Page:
KC Joyner isn’t sure we’ll see a repeat playoff performance by the Kansas City Chiefs in 2011.
In an ESPN.com Insider piece, Joyner points to quarterback Matt Cassel’s struggles to complete long passes as a major reason why he thinks the Chiefs -- who went 10-6 and won the 2011 AFC West title after winning a grand total of 10 games in the previous three seasons combined -- could slip this season.
Here is some of what worries Joyner about Cassel: His metrics in this category range from mediocre to abysmal. His 10.2 vertical YPA (vertical being defined as passes thrown 11 or more yards downfield) ranked 20th in the league last season. His 9.0 stretch vertical YPA (defined as passes thrown 20 or more yards) was even worse, as it ranked next to last among qualifying quarterbacks (175 pass attempts needed to qualify). (Note: these numbers include attempts and yardage totals posted on pass penalties such as defensive holding, illegal contact, pass interference, etc.)
Many might come to Cassel's defense by pointing out the subpar state of the Kansas City wide receiver/tight ends corps last season. It would seem awfully difficult to put together an effective vertical passing game when mediocre pass catchers such as Chris Chambers, Terrance Copper, Verran Tucker, Leonard Pope and Tim Castille all post at least 10 targets, as was the case last season.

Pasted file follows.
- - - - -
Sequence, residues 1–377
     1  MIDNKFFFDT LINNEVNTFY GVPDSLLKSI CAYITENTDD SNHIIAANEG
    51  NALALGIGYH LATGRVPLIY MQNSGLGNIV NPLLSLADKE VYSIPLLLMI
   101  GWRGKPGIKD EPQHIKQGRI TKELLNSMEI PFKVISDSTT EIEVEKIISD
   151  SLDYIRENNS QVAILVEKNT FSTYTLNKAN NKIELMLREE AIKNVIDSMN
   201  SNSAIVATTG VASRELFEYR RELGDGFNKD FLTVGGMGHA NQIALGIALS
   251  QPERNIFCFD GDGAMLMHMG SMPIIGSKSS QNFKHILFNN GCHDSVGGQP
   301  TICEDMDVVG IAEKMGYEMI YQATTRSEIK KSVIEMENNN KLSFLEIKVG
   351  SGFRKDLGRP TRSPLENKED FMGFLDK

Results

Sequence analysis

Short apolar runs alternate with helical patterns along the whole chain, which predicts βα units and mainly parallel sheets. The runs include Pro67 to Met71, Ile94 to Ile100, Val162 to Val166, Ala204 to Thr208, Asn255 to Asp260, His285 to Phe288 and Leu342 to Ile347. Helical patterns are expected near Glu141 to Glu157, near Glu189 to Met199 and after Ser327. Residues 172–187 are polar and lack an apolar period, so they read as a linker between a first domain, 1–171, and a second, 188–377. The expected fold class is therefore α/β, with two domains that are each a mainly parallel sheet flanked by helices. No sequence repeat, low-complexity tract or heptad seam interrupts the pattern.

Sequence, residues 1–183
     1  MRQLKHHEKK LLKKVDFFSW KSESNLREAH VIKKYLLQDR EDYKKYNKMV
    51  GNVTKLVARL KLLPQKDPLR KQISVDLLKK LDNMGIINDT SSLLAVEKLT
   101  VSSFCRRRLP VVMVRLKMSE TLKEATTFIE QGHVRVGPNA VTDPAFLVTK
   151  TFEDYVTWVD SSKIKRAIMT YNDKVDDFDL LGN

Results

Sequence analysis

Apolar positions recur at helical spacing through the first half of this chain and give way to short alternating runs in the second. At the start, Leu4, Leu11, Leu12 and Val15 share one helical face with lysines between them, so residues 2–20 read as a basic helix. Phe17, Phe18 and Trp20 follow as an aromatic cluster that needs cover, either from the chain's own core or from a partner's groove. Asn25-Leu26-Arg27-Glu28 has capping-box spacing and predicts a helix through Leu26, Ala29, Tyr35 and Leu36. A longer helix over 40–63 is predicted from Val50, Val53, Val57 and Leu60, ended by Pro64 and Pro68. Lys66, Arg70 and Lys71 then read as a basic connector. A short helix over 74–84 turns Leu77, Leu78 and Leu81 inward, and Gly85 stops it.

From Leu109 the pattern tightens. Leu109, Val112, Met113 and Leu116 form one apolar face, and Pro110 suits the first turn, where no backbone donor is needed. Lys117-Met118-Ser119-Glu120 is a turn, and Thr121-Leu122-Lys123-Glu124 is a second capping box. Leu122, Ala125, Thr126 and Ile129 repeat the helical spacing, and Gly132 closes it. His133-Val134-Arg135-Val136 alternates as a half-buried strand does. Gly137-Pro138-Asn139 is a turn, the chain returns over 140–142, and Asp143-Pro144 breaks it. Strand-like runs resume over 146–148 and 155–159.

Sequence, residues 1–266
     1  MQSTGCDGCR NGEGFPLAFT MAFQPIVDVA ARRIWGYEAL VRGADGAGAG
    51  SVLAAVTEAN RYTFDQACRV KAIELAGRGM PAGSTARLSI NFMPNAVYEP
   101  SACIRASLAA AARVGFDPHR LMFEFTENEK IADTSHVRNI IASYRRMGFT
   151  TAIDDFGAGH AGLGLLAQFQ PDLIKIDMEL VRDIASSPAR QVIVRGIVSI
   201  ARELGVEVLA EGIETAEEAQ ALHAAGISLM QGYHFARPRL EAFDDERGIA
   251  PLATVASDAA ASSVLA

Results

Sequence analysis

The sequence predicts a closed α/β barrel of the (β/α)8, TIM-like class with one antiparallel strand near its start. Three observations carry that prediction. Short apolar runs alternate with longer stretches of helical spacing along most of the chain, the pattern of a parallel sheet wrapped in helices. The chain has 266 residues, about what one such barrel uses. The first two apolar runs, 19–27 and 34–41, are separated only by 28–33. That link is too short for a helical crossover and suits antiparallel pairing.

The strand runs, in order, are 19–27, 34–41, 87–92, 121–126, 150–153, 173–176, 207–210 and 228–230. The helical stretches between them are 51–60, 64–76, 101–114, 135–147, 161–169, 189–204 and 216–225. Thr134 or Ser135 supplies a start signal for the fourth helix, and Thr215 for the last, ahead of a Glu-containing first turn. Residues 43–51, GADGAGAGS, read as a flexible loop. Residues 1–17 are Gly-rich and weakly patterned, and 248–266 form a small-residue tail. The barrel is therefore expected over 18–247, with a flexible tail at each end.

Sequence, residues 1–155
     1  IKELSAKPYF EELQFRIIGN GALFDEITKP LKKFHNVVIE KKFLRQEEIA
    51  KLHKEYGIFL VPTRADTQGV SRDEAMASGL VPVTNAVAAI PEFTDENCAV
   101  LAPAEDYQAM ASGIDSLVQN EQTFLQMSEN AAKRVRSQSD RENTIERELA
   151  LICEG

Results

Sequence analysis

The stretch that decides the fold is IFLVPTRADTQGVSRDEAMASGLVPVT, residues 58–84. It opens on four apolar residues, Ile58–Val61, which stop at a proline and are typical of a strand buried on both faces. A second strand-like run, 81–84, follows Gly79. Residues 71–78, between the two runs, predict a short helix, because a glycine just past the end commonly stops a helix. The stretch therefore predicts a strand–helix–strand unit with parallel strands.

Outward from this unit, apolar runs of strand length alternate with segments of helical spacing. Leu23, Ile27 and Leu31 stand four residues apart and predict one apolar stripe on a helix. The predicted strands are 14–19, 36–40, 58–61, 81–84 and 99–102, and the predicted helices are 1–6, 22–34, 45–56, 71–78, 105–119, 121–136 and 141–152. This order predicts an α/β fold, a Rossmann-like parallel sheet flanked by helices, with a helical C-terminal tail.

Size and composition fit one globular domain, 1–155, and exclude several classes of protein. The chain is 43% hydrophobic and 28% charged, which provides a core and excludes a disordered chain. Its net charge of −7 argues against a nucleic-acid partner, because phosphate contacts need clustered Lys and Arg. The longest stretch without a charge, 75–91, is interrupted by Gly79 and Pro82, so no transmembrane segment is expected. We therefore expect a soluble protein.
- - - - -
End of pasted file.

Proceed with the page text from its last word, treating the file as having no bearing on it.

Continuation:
Some will point to the addition of former Pitt wide receiver Jonathan Baldwin in the first round of the 2011 draft as a reason for optimism here.
However, the primary counter to that statement would be that Baldwin's first-year learning curve could be steep, given that a) the lockout could prevent him from getting much practice time prior to the start of the season and b) Scouts Inc. said that he is inconsistent and erratic in many areas.
Throw in the fact that Baldwin's 15.51 yards per reception average last season ranked him 68th among FBS pass catchers and it shows just how far he has to go before he can be considered an answer to the Chiefs' vertical receiving woes.
My thoughts? Cassel’s inability to complete the deep pass is clearly an issue. That’s why Baldwin was drafted in the first round. Kansas City recognized the issue and tried to fix it. That’s what good teams do.
The key is how fast Baldwin can make a difference in this area. Joyner points out the learning curve and he’s right, but he will be given every chance to succeed.
This season surely will not be easy for Kansas City. It is now the hunted. It has a tougher schedule than it did in 2010. But, in the end, this is a balanced team with good coaching. The Chiefs appear to be headed in the right direction, regardless of potential obstacles.